Winnipeg Free Press, March 21, 1950

Winnipeg Free Press

March 21, 1950

View full page Start A Free Trial!

Issue date: Tuesday, March 21, 1950

Pages available: 30

Previous edition: Monday, March 20, 1950

Next edition: Wednesday, March 22, 1950 - Used by the World's Finest Libraries and Institutions
About Winnipeg Free PressAbout

Publication name: Winnipeg Free Press

Location: Winnipeg, Manitoba

Pages available: 2,360,014

Years available: 1874 - 2016

Learn more about this publication
  • 2.18+ billion articles and growing everyday!
  • More than 400 years of papers. From 1607 to today!
  • Articles covering 50 U.S.States + 22 other countries
  • Powerful, time saving search features!
Start your membership to the world's largest newspaper archive now!
Start your genealogy search now!
See with your own eyes the newspapers your great-great grandparents held.

View sample pages : Winnipeg Free Press, March 21, 1950

All text in the Winnipeg Free Press March 21, 1950, Page 1.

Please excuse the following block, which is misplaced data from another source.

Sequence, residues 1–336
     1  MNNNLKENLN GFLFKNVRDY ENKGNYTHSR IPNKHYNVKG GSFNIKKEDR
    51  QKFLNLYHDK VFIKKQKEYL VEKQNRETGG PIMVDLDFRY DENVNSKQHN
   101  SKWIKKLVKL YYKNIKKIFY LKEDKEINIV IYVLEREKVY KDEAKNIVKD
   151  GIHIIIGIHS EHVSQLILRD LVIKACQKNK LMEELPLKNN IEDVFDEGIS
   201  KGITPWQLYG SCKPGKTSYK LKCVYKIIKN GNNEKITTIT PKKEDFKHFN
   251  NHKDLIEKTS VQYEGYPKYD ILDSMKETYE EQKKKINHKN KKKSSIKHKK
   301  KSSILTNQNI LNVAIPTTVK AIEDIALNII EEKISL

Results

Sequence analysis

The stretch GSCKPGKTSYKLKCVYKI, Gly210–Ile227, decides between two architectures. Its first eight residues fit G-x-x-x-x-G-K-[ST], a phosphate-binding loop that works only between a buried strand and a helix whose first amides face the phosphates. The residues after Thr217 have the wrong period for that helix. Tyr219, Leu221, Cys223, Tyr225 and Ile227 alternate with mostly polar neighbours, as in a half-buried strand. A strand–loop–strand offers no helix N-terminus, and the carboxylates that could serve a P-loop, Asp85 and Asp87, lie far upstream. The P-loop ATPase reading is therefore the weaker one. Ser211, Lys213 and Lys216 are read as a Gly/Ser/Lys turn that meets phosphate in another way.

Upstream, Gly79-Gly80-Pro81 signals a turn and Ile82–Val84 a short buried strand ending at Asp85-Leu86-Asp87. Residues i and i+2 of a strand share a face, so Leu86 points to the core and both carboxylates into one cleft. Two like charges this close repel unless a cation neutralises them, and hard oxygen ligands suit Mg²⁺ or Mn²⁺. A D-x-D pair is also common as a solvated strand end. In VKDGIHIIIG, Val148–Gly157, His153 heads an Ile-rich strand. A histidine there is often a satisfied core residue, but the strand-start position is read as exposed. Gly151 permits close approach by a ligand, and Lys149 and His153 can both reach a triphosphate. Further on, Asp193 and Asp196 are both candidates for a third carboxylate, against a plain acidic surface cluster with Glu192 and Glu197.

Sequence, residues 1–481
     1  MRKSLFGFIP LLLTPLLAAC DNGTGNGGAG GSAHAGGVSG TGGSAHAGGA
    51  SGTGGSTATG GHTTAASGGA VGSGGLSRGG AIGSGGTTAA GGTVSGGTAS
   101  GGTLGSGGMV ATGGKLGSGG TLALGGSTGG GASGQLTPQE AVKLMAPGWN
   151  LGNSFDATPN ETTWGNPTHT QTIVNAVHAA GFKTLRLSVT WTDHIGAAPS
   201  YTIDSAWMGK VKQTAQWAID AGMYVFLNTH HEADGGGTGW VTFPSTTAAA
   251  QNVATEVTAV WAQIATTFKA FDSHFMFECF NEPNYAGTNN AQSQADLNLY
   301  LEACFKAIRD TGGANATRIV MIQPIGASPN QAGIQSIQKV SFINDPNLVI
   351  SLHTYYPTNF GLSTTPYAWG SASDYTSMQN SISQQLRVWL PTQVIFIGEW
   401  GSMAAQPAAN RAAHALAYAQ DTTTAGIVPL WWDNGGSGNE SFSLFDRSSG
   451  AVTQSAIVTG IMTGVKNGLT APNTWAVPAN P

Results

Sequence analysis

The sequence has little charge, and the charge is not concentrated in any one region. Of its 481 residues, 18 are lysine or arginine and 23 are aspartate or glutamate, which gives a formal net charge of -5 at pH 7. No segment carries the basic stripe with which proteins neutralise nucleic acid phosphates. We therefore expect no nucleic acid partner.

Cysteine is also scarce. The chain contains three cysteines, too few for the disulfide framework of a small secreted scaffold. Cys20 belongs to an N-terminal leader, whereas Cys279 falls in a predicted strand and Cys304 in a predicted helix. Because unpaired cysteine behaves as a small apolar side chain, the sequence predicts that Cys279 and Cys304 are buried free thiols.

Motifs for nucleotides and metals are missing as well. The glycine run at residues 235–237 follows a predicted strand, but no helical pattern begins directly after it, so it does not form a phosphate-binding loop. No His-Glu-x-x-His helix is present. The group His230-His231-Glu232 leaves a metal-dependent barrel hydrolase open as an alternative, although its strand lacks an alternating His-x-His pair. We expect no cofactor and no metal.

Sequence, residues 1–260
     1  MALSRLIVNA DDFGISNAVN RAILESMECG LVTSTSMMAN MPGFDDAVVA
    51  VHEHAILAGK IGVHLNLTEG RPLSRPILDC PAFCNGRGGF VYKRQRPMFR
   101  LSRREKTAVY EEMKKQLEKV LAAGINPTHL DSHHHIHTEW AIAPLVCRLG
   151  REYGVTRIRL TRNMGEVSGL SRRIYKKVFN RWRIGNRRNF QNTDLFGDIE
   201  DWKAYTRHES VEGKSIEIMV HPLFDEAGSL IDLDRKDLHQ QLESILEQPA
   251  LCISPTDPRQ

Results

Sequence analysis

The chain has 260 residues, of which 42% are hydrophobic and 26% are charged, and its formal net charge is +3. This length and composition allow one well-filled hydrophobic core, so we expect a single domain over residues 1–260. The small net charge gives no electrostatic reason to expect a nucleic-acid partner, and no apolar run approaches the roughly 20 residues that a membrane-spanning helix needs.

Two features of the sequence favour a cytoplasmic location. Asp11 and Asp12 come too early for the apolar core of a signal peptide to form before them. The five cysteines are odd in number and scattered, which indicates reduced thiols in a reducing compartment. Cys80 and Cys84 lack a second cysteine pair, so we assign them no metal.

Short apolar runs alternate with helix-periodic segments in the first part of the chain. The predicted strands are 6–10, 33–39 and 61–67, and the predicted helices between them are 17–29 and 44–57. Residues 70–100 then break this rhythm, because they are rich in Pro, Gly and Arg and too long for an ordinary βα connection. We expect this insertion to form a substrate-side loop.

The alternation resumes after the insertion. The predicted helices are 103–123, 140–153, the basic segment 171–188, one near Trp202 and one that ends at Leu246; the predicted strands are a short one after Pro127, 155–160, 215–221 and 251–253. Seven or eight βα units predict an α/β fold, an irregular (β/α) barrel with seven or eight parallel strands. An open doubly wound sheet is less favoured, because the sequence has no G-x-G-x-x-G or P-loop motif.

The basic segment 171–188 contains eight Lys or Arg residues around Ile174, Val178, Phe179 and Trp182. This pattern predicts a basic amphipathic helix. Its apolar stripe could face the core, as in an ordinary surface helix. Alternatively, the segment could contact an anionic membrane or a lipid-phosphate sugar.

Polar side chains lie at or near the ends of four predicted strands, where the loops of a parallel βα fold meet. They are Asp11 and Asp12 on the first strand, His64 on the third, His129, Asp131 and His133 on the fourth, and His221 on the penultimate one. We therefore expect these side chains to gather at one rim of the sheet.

Winnipeg Free Press (Newspaper) - March 21, 1950, Winnipeg, Manitoba In Wtaolpej: Clear. Little change in tempera- ture. Light winds. Low tonight and high to- morrow, 15 and 32. Bolstering Red Defences HONG KONG, A large number of Russian troops have arrived recently In China arid are taking an role in China's civil war, according to apparently authentic reports. These re- ports, from a number of sources, indicate that between and Russian troops arrived within the past 30 days. They are helping bolster Chin- ese Communist resistance against increased Nationalist: air attacks. There is also the possibility that the Russians might be used to discourage any popular, uprising against the' Chinese Communist regime in view of China's wide- spread famine and economic stagnation. Observers advanced another theory' that the Russians might have been placed in China to ensure that the pro- Kremlin faction of the Chi- nese Commimijt party would be ousted by Nationalist VOL. NO. 147 5 "Sun fl.31 '6.42 Rite 7.22 Moon' Set 10.25 CHANGE Among-larger not Bee SOVIET TBOOFS Page 13 Pensioner Takes 'Mite9 To Red Cross Largest boost so far received was recorded at Manitoba Red Cross headquarters Tuesday as the campaign tqtai jumped by .in contributions. From a previous total of 057, the fund rose to Tuesday. donations were: S177.95 from Globelite Bat- tery limited and e m- ployees; from Western Packing com- "pany; from Malcom Con s t 'r u c- tion company limited; from Green Biankstein Russell and as- sociates and employees; from the employees the Canadian Fire Insurance company and the Canadian Indemnity company. Also: from the employees of Brewery Products limited; 5450.25 from Blue Ribbon limited employees; from Wood Gundy "and company limited and employees; from Stiults and Pollard limited and em- ployees; from Paul Moore company limited and employees; from Jacob-Crowley Manu- facturing company limited and em- ployees; and from the em- ployees of G. McLean company limited. Rural return! were reported tD be "picking- up speed" and among: those received at head- quarters Tuesday were the fol- lowing: SM4.BO from Melita; C26 (second donation) from Solsgirth; J25 from the ladies' Chatelaine club, Anoln; S68 from St. Anne; (second donation) from Spraguc; from Arden; (second don- ation) from Miami; (105 from the Westbourne and Lonfburn branches; and from Lun- dar. A residential canvasser in" Win- nipeg told a story of one crous" citizen Tuesday. The can- Winnipeg Free Press PROVINCES APPEAL FREIGHT HIKE Spring Puddles Today it's just a' long, dirty puddle but soon it will be a sunny stretch like Lake Winnipeg. That's what first .day :of spring meant to these two little girls Tuesday. For them, summer was already around the corner. Motorists might grumble over water-filled streets; pedestrians might have to jump like out of .splash-range; mothers might complain about muddy clothes and wet socks. But when you're very young, a puddle means adventure and it means spring; EGA BUI Of Billion Clears 1st Senate Hurdle WASHINGTON, -March 21 (BUP) The senate foreign re- lations committee Tuesday unani- mously approved the full" third-year Marshall Plan spending authorization requested by President Truman.. The figure includes in new funds and in funds appropriated last year, but which Mr.. Truman ..would be. au1 thorized to spend in fiscal 1951. J 'Clears JSttfiMMh- senate.Jiurdle at a time when Administrator. Paul G. Hoffman faced a' hard house fight; House foreign affairs com- mittee members Monday had voted to cut' cash funds by and substitute a similar .amount in shipments of American farm sur- pluses. The senate committee's version also included in spend- ing authority for the republic of Korea. Members also' voted to keep available until June 30, 1951, an already appropriated, but unspent, fund of about to be Cabinet a. Action Sought OTTAWA, March 21 (CP) provincial govern- ments appealed to the cabinet-against the last tvvo freight rate increases granted the railways, which I boosted authorized rates 16 per cent, above the levels of last September. At the same time, they called on the cabinet to stay the appli- cations of the last, increase, which is due to go into "effect Thursday. Awarded March 1, it amounts to 7.4 per cent, on exist- ing' rates. I The other' .increase which the provinces are appealing was award ed as an by the board transport commissioners Sept. an applica- tion of the railways in 1948 for a 20 per cent, hoist. March 1 the joard gave the railways an addi .ional eight per cent. the original 20, which works out to 7.4 on exist- ing rates. Ask Cabinet Action The seven provinces all ex- cept Ontario, Quebec and New- foundland appealed against both the awards, invoking the powers of the governor-in-council (cabi- net) to change or rescind any orders of the transport board. The action came while the .rail- ways themselves .were engaged in an appeal to the board aiming at having it boost the March 1 award to the full total of 20 per cent, which they asked originally in 1948. That would involve 'an additional increase of 3.4 per cent, over the hoisted rates scheduled to go into used in -the "general area of a last-minute revision asked President e practicable, 'to spend up to. of, this amount for Nationalist China itself, including the island of Hainan, Formosa" and such other areas on mainland still free of Com- munist control. Federal Budget May Cut Tax On Stock Dividends OTTAWA, March. 21 March. 28 federal budget will make it easier Jor the little man to .become a stockholder and assure him he won't lose .so much of his "profits in taxes, it was disclosed Tuesday.. Usually well-informed Liberal sources said the federal budget scheduled for presentation by Hon. Douglas Abbott, finance min- ,-_-.. "allowable, deduction" on cximmon ister, March 28 would double an vasser had visited the home of an old age pensioner to collect a con- tribution, but the pensioner, whose wife' was away shopping, didn't have any ready money. The canvasser left, promising to come back. She didn't but she received the contribution anyway.! The pensioner called on her with; his donation. Police Seize Diary, Spike Singapore Coup SINGAPORE, March 21 Police said Tuesday they had seized a Red agent's diary which re- vealed a Communist plot to seize control of the Singapore labor movement. Police 'found three pieces of white human skin in the book. Information contained in the book enabled them to arrest three Chinese members of the-Malayan Communist party. Alderman Frets Over 'Flyaway' Mayor Garnet Coulter prom- ised in city council Monday to suggest to the board of police commissioners that con- stables ensure parking viola- tion cards are more securely fastened to autos in the future. Aid. H. B. Scott said he had received several complaints that'parking tickets-were be-, ing. shoved under windshields and not tied to car door handles. "The tags blow away and a few days later police turn up with a summons, which costs the motorist more than the Aid. Scott stated. itock dividends. They explained it this way: Since last year Canadians mak- ng out .income tax returns were allowed to subtract any stock dividends they received during the year from-their total ax. The new-move would allow i 20 per cent, subtraction. The new move would boost that .ax exemption to 20 per cent. The informants said one motive behind such a move was to en- courage people who otherwise might not be able to afford it to. of the Economic Co-operation ad- ,ake a fling on the stock market, ministration. The eggs represent about one- Clash Looms In Commons Over Anti-Margarine Ads BY MAURICE WESTERN OTTAWA, March 21 A new clash appears imminent in rthe house of commons between .dairy interests and those favoring margarine. At the same -time that Rt. Hon. J. G. Gardiner, agriculture min- ister, warned in Saskatoon that he might personally launch a cam- paign to counteract the "propa- .ganda" of margarine companies, a campaign sponsored by the mar- keting service of the department of agriculture was in. full swing. The propriety of certain pro- advertisements appearing recently in eastern newspapers is 'already being questioned by Vari- private members of-the house of'commons who have expressed reieritment of a government de- partmenfs. open intervention be- tweeh completing interests. Such the format three- column ads, t is at the taxpayer's expense, whatever his personal in the' butter-margarine controversy. Althouch the word "mariar- Ine" nowherfi in. tke authority the department ajrlcul- i ture is lent auch statements "Ever? taints better with butter" and "Became there's a full quart rf whipping cream .every paiutd. of hutter, no WMte; resit food valae tor >our money when C? "Better" and "more" are com- parative adjectives and, it is con- tended, the only possible compari- son is with margarine: On the day this advertisement appeared there was a differential in Ot- tawa between the price of mar- garine and that of first grade butter sold .by store.. Most' critical comment comes from urban members but some from -predominantly, rural ridings are also, questioning -the propriety of a government department openly taking sides. The scale of margarine produc- tion in recent rhbhths; has arbusec the concern; forces When the question of the contro- versial advertisements is brought to the attention.! of parliament heated exchanges are. expected. Special Meeting Called For 10 March 29 To Settle City Budget A special meeting of council to settle Winnipeg s 1950 budget, has been called for 10 am, March 35 This was revealed in city council Monday. It has been rumored that finaneeYcommiUee4-will recom- mend a proposal which would alkrv the budget to be balanced at the present rate of mills. Council members.-refuse to confirm-or deny this report. .Free Hand Mr.-Truman is given'a free hand in determining whether and where this money shall be spent. The measure now goes to the senate floor where a heated debate is expected. Committee members rejected a proposal by Sen. Bourke B. Hickenlooper (R., la.) to pare off E.CA.'s spending authority, about 20 per cent, of the request. U.S. To Sell U.K. Dry Eggs At Cent A Doz. OK'd effect Thursday.- No dale hat been set for. the hearing on the .railway Beginning of: public works programme to widen a section of :the Balmoral street cross-town -highway and to improve traffic conditions at Ellice avenue arid Colony street was approved by city Monday. The work, slated to be started this spring arid completed by August, will cost ah estimated It is part of an over-all widening of the cross-town.high- way which received; No. 1 prior- ity on a recent list of civic im- provements compiled by a com- mittee of department heads. The complete programme is di- vided into five sections. Council Monday gave the go-ahead for the first two sections. They are: An Ellice avenue connec- tion through College Place, behind the V.W.C.A, and a new intersection .with Bal- moral and Colony streets. 2 Widening .ol Balmoral street from 44.55 feet to 66 feet from the new inter- section' at Ellice to Sargent avenue. Cost of section one is estimated at This includes widening to 46 feet the pavement on College Place to Vaughan street. It also allows for widened pavements, sidewalks, divider pedestrian Elands, seeding, relocation of elec- tric and telephone utility lines, .raffle signals and the Winnipeg Electric trolley bus wires along the Ellice avenue connection. WEC' W. D. Hurst, city engineer, who submitted the report, pointed out that the proposed connection of Ellice avenue and the new inter- section "in our opinion is benelit to the Winnipeg Electric company as it .will eliminate the present troublesome turning move- ment of trolley buses around the corners at Ellice avenue and Vaughan street, and will improve service and operating conditions. "I would recommend that the This major civic' improvement, has been designed to.speed up traffic flow at the congested Ellice avenue, Balmoral street and Colony street intersection, As shown here the present "island" at the intersection will "be token out and Ellice avenue will be cul through in 41 curve to connect with a widened College place, behind the V.W.C.A. building. This will eliminate the'awkward turns now r.Ironii.Kennedy street and Ellice avenue'to the to have two small boiileviirded sioners now tied up with Bell Telephone company rate hear- ing, met rail.; and provincial counsel on the question Mon- day without being able to fix a date. Ncir was there any indication of how fast the cabinet would move. But, judging from its. pace in the last rate appeal of 1948, there ap- peared little chance that it would step in before the railways actually put their increased rates into ef- fect Thursday. However, 'it could, alter or dis- allow the increase at any time. In the..1948 appeal of the same provinces from a general 21 per granted by the board, the cabinet did not take direct ac- tion to disallow the award but re- ferred the issue back to. the board for reconsideration, ordering re- view on certain specific points brought up by the provinces. Principles Hit Tuesday, the protesting prov- WAS.HINGTON, March 21 (BUP) j inces contended that the board in United States -has agreed] to sell Great Britain some dried eggs for a net price of only one cent a dozen. The British technically will put up for the eggs about four cents a dozen. But the-Uni- ted States government will supply of this total from funds paved Island: Canoe Club Land Sought As Housing Project Site j. An .offer amounting to' for property now forming part of the Winnipeg Canoe club's golf course was made at a St. Vita! It would come at time when s e v e r a 1-organizations' handling stocks and bonds had Kwung an ambitious promotion drive into full rear. Most prominent among- them was the Montreal stock exchange whose members were financing daily radio programmes with the theme "Invest in -Canada's Future." Apart from this .move next week's budget was not expected to be sensational. It was expected that general...taxation would stay around its present level. One reason for this was said to be the unexpectedly large decrease h government revenues which re- sulted frorh income tax slashes made in the last, budget. Income tax revenues today were .reported to'T-e below last year's figures, and before .the book's are closed March 31 this drop 'likely would reach Defence expenditures were up sharply, railway deficits mounting as costs go up and business levels olf, social service costs also rising steadily.- Another factor said .to favor a relatively "stand budget this session uncertainty about dominion-provincial' relations. Swedes Use 'Beth To Peddle Pearls 1 March 21 (BUP) 'use of -Princess picture in an advertisement of imi- tation pearls stirred up a tempest Tuesday. Sir Harold Farquhar, British am- bassador, demanded of the Swedish foreign office; that, it see .to it that "under no cir- cumstances rwill be printed again' in." the newspapers; The ad showed a fT imitation double pearl necklace named the "Princess Elizabeth" A picture of the-T princess showed her wearing a necklace that looked to be the same at that advertised. third of the government's egg hoard. It originally paid 000 for them under the price sup- port programme. granting the last two increases "applied principles which it should not have applied, principles which are. contrary to public policy, and has been, otherwise subject to mani- See FREIGHT RATES page 13 U.S. Double Up Swiss, Win Hockey Tilt 10-5 LONDON, March .21 The United States Tuesday defeat- ed Switzerland 10-5 in the world amateur hockey championship final round-robin. Fracas Brings Charge Of Unlawful Assembly For the first time since the war, a charge of unjawful as- sembly, which carries a maximum penalty of one was laid Tuesday against a youthful gang. In city police court Tuesday, four youths were, charged with unlawful assembly which allegedly preceded the Friday night fracas at Luxton school, which sent a 15-year-old boy to hospital with bruises and rib injuries; The- four are John Orville Mc- Ammond, 18, of 574 Chalmers street; Ralph Harold Norman Schultz, 18, of 382 College'avenue; Alfred Ernest Morrisette, of 554 Selkirk; avenue; and William John Unrow, 20, of Grove street. Besides the four, three juven- iles are being held jn connection with 'the same case. 'Police Tuesday also revealed that two boys were injured be- sides Bob Keber, 157 Inkster .boulevard, who had tp be treated in Joseph's hospital for withheld 'the names injuries. of the other two, pending further investigation. Inspector .of Detec- tives David Nicholson said one, of the lads was beaten up just out- side the school, while fhe second was pummelled inside, 'where the Carruthers community club was sponsoring a teen-age dance. Keber, who nad been playing records for the dance, was follow- ed 'into' the.. washroom, where he was, knocked' to the- Jioor with a rabbit punch and then, kicked in the ribs -and stomach: In addition to the unlawful as- sembly charge, McA'.mmoh'd, SchulU and Unrow been charged with Assaulting Keber and occasioning actual bodily harm. Saturday, McAmmond and Schultz were charged with being disorderly, to which .McAmmonc pleaded guilty and Schultz, not guilty. By Sunday morning, four adults and one juvenile had been arrested, and the total was brought up to. seven Tues- day, when twc other juveniles were picked up. All four adults were remandec to Monday on all charges. When defence-counsel for Schultz -asked for O. M.- M Kay, crown prosecutor, said he would agree to with the rider that "he stay away from ai teen-canteens; .and community cliibs. "In every instance where we have See CHARGES Page 'll Matched Up Properly matched pictures of the- twins In the Free Frew Twtei Contest 'will he found on pages 8 of thJsi tosue. Check your and see.where you went council meeting Monday. Winnipeg Electrict-tpprn.pany' be asked to pay 50 per cent, of tha cost of relocating trolley bus over- which amounts to he added. A small triangular piece of land at the northwest corner of Bal- moral street and Ellice avenue, .for rounding of the corner, has still to be acquired from private owners by the city. Mr. Hurst recommended that a bylaw be passed to include this F. A. Mager, contractor, offered council six dollars a foot Iand in the street'and if Temperature readings durinsr'the 24'hour period ending at 6.30 a.m. Tuesday were: Vancouver...........37 Calgary............ ]2 EdinonLon 3S Swift Current 22 Saskatoon........... 22 Resina............. 9 Brandon 10 WI.VXIVEO J2 Port Churchill 38 Port Arthur 26 Toronto Ollan 23 2-1 Montreal 20 Halifax 26 Max. 49 43 44 39 39 35 32 32 23 36 34 35 32 3T Prec. .14 was willing to pay for all improvements on the property for a lousing :project, with home units to sell at "and up. A motion by Councillor' H. Collins, that Mr. Maker's offer be tabled for consideration when the property became available for sale was passed. Mayor Elswood Bole pointed out that the property would not be available until 1952. In order to ob- tain a release the municipality vould have to give the club one notice before September. A Nickel Profit' Councillor A. Jacquet asked that a committee be formed to investi- gate the possibility of release. He said 98 per cent, of the people be-, .onging to the club were from Win- nipeg. "We are providing'a play- irourid for Winnipeg arid not mak- ng a nickel profit out of it." The canoe club paid the munici- pality a-year and the pontoon across the river cost 5500 to maintain, he said. Councillor A. Winslow said the municipality had just about broken even. The club had brought the name of the mun- icipality very profitable reward, at a time when good public relations were needed. Mr. Mager then mentioned other property on which billboards were situated. The owners were receiy- ng enough from the billboards to pay their taxes and receive a small interest on their.investment. They were letting -the property lie dormant, holding back for a high price. "I could buy property on Portage avenue he said, and continued that this was stop. ping a building project of r more. The matter was turned over to the muriicipal'solicitor for investi- gation. A motion that the municipality go on daylight saving time at the same time'as Winnipeg was adopted by council. a price cannot, be agreed upon that the amount be determined by arbitration. Council authorised the city solicitor to prepare the bylaws necessary before the work can, be done. It also authorized engineering: department to pro- ceed with the construction' after the bylaws are passed, with" the cost to bo paid by the city at large as a capital charee. Cost of section two, the widening of Balmoral street from Eilice to Sargent avenues was estimated at This includes for the actual widening; for renewal of watermains and S20.000 for acquisition of land. Blumberg Needn't Quit To Bid For Mayoralty Aid. John Blumberg will be able to run for mayor this year without first resigning his council seat. By a 134 margin, city council Monday approved an amend- ment to the Winnipeg charter which will allow an alderman to re- tain his seat While a.mayoralty contestant. The amendment pro- vides that if he is successful the alderman must resign. Dec. 31, the day before he becomes mayor. The proposal must now go to the provincial legislature for ratifica- tion. The amendment approved re- placed one brought into council by personnel and legislation commit- tee which provided an alderman running, for .mayor had to resign from council 15 days before nomina- Pair Will Fight Tax Evasion Fines An appeal against IS convictions on charges of tax evasion which resulted 'in two brothers beigg assessed and costs in fines and penalties will be filed in the Winnipeg'county court! C; f. Keith, counsel for Albert Scharfstein, 375 Cathedral avenue, Saul Scharfstein, 79 Sco.tia street; owners of the Fort Rouge Jobbing company, said that the appeal was being prepared Tues- day.. Mr: Keith and C. V. McArthurl crown -met Tuesday to discuss for the" brothers the appeal. The Scharfsteih's were convicted arid' sentenfced Friday following four days 'of hearing -before .Magis- trate Potter provincial tion day. The charter amendment, either one way or an- other, was re- quested by George Gardner, city re- turning officer. He previously pointed out he might be liable to pay a and costs of if he interpreted the ambiguous section of the charter BLUMBERG wrongly. During 'the debate, Aid. Blum- berg, who has announced he would be the C.C.F. mayoralty candidate this fall, predicted that if a-contest developed 'between Mayor Garnet Coulter, "a very close personal and himself "it would be See BLDMBERG Page 11 Bridge Column, page 5. Canasta To Win, page IS. page ,22. Crosswerd .Pussle, page 21 r Deaths and Funerals, ptge T. Finance, pages 29. r .Movies, -page Radio, page "-Sports, .pages til, J9, Wemem's pages 14, 15- Labor Spikes Rumors Gripps To Quit Post LONDON, March 21 Government sources Tuesday issued a flat denial to persistent overseas speculation that Sir Staf- ford Cripps is resigning as chan- cellor of the exchequer. 'Sir Stafford is not resigning, and is busy on his these sources said. Parliamentary quarters are afraid the April for which a presentation date has not yet been will prove to be austerity blix- zard by Sir Stafford. The impression is gained from all Whitehall quarters that the government has no intention of courting popularity by a window- dressing budget in case the slim- majority administration is forced into an early election. This will dismay numbers of party supporters wh3 were hope- ful' the budget, might make con- siderable concessions to wide- spread demsji.i for- lower; living costs. Deepens Dilemma It will deepen the dilenvma of trying to hold the sup- port-, of the Trades Union congress to its wage stabili- zation p-olicy at present resisted by large sections of the- T.U.C. But the "hard road to recovery" ;